There is a recognizable pattern of behavior by LADWP that is taking us back to the bad old days I worry. They are resisting their mandate to clear the air at Owens Lake, they are fighting Inyo County’s efforts to defend the damaged vegetation in the Blackrock well field, DWP… Read more »

Ken Warner
Ken Warner
10 years ago

There’s no pattern to recognize. It’s what they are. They are mean to the bone.

Lisa Schade
Lisa Schade
10 years ago

Very well said! Glad you’re protecting the air we all breathe.

ana
ana
10 years ago

And this is why it matters. It isn’t just aesthetics, although that aspect is also important for those of us who live here: http://www.epa.gov/pm/health.html Also, I’m sure most are aware that the Owens Lake dust is its own unique special toxic mix. Kudos to LA DWP for the work they… Read more »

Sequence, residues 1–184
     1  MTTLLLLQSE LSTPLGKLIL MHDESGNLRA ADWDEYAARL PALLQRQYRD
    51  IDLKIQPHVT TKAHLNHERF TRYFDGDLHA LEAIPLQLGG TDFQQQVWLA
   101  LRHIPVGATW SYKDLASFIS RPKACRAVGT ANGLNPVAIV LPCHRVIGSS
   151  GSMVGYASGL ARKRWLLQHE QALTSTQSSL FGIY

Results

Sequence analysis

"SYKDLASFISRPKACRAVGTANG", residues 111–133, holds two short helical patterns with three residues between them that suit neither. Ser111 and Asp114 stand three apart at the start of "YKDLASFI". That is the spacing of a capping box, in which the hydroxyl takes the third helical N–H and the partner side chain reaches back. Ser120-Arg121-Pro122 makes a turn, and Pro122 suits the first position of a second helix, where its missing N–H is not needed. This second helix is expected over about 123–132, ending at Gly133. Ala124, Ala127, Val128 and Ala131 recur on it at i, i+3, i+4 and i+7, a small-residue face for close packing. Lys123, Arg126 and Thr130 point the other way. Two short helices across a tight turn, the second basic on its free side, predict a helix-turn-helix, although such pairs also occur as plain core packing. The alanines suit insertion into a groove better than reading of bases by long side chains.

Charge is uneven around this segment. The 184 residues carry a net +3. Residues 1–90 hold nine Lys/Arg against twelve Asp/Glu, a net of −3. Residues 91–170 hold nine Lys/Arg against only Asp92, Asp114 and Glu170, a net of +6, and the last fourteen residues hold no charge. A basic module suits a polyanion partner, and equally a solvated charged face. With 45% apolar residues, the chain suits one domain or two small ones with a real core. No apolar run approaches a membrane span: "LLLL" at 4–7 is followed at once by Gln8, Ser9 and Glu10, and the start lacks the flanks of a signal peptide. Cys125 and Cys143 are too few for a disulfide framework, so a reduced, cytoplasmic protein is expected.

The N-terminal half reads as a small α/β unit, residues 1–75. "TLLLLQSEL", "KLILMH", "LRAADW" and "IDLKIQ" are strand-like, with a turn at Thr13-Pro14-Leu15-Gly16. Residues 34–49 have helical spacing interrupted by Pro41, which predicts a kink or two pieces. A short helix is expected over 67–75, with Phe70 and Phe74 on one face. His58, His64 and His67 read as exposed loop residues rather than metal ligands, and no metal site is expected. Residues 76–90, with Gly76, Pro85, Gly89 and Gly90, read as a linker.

Airman
Airman
10 years ago
Reply to  ana

Ana,
Do you actually have any statistical data on the incidence of lung disease and illnesses in Inyo County? Or are you just making an assumption?

Michael Prather
Michael Prather
10 years ago
Reply to  Airman

The sample size for health hazards around Owens Lake is too small. We do have anecdotal reports from ER rooms in Lone Pine and Ridgecrest where people with respiratory challenges such as asthma and emphysema come in during major dust events. We know the harmful effects of small particles on… Read more »

Ted Schade
Ted Schade
10 years ago

I couldn’t have said it any better. PM-10 is bad for you wherever you live. The state of California has established that particulate air pollution is “among the most harmful of all air pollutants.” (www.arb.ca.gov/html/brochure/pm10.htm)